Over the course of 22 years, I have never once truly loved myself. I spent the majority of my life being dictated by family members of what I should and should not do. I was told to only go to school and to think about getting good grades so that I may achieve a degree that would help me find a successful job. What once constituted as being a good parent in trying to think of only the best for your child, only led to my misery. My younger years were spent trying to find out whether or not it was worth living on this planet as I had absolutely no role model to look up to. My parents constantly argued and fought over financial issues and my younger sibling was much too young to understand the feelings that I had suppressed. I had an older sibling who I was never to see again until later on when I was about to enter into high school, but by then it was too late. I had lost every will power to ever accept the person that I wanted to be and became everything that I was not: a molded version of what my family wanted me to be.
I have suffered from depression.
I had to set goals for myself as reminders of reasons to continue living. I suffered many years of depression and had never gotten it treated in fear that I would simply lose sight of what my family wanted of me. Ironically, I was afraid of a cure that would tear me apart from my family, which would have made it easier for me to live the life that I would have ever dreamt of. I was molded to become a doctor so that I could save my family over the lives that would need to be saved. I was the child to be talked about amongst my relatives as a trophy daughter with good grades and a striving dream. I was never myself and I hated it.
I felt more miserable entering high school.
When high school came around, I was even more miserable. I learned of the ever-changing travesties of puberty and the way my body would transform in the coming years. I started to hate the way I looked and the way that everyone looked at me. Despite all of the misery that I had felt, I continued onwards to graduation where I was told to select a medical school to attend over the schools that I wanted to go to.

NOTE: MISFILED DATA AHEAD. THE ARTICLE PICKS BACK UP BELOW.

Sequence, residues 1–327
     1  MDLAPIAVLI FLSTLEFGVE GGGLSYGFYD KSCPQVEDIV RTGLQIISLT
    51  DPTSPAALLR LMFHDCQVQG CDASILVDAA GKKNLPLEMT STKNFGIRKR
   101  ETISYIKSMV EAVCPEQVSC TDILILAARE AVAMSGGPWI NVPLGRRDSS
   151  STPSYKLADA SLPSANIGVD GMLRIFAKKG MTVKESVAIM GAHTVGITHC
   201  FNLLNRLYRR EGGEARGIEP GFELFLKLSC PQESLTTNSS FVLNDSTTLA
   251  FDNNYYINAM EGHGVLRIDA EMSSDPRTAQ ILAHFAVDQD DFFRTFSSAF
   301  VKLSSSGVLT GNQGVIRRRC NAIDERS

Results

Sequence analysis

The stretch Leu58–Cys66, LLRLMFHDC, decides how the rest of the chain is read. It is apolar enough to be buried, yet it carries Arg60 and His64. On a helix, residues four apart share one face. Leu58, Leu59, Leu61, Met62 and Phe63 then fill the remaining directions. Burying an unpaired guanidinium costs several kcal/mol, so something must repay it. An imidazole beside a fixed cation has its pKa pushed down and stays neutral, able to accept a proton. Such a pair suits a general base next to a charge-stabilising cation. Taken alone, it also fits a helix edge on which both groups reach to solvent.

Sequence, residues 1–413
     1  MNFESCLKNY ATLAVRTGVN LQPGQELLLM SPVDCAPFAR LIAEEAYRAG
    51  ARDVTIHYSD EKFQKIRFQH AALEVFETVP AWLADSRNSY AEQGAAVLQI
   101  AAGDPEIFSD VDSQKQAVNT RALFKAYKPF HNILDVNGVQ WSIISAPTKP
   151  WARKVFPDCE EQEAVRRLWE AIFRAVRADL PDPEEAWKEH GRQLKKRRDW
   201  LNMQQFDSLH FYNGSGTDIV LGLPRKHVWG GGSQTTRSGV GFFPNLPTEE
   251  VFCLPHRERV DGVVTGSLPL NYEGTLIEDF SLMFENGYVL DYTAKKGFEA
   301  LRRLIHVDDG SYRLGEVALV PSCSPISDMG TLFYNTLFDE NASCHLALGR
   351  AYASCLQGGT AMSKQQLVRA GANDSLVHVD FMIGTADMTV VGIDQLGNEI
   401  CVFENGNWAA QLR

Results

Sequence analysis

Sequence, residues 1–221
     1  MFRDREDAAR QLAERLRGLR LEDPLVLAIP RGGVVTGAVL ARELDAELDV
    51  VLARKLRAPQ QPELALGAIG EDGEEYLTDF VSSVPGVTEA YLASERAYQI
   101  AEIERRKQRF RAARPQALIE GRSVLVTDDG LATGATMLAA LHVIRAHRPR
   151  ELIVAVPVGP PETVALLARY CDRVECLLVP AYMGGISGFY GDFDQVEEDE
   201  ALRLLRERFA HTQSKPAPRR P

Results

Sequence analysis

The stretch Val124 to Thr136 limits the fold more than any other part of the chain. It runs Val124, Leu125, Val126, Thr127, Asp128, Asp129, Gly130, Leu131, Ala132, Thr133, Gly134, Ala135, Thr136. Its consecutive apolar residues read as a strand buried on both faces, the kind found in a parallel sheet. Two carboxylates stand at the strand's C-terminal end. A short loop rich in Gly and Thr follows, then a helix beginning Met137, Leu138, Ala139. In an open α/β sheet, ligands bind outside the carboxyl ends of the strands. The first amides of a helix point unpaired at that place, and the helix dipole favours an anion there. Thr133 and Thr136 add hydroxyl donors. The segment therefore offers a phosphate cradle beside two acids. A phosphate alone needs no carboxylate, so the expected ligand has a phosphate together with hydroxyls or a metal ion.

I did everything I was told not to do.
One year was all it took for my life to turn around. I dropped out of medical school and found my way to art school, where I was happy learning something outside of biology. I enjoyed talking to friends who felt the same way that I did and took a path that their parents also disagreed on. I learned to accept my body for what it was and treated it even better than I had ever thought to treat it. I broke out of just going to school and went on to doing internships and part-time jobs that gave me an experience that school would have never taught me otherwise.
It's never too late to change.
I learned the start of being able to love myself and although I am 22 years late in doing so, I would have much rather experienced it now than to never be able to love myself at all. Being able to love yourself makes life worth living and understanding. Being able to love yourself makes the pain and hardship that we inevitably experience become temporary problems rather than long-term problems in our lives. Being able to love yourself is being able to accept yourself. So friends, this weekend I want to ask of you to reflect upon how you feel about yourself and if you have not loved yourself yet, try to make the change to start loving everything about yourself. Change does not happen over time - change happens when you choose to make it happen.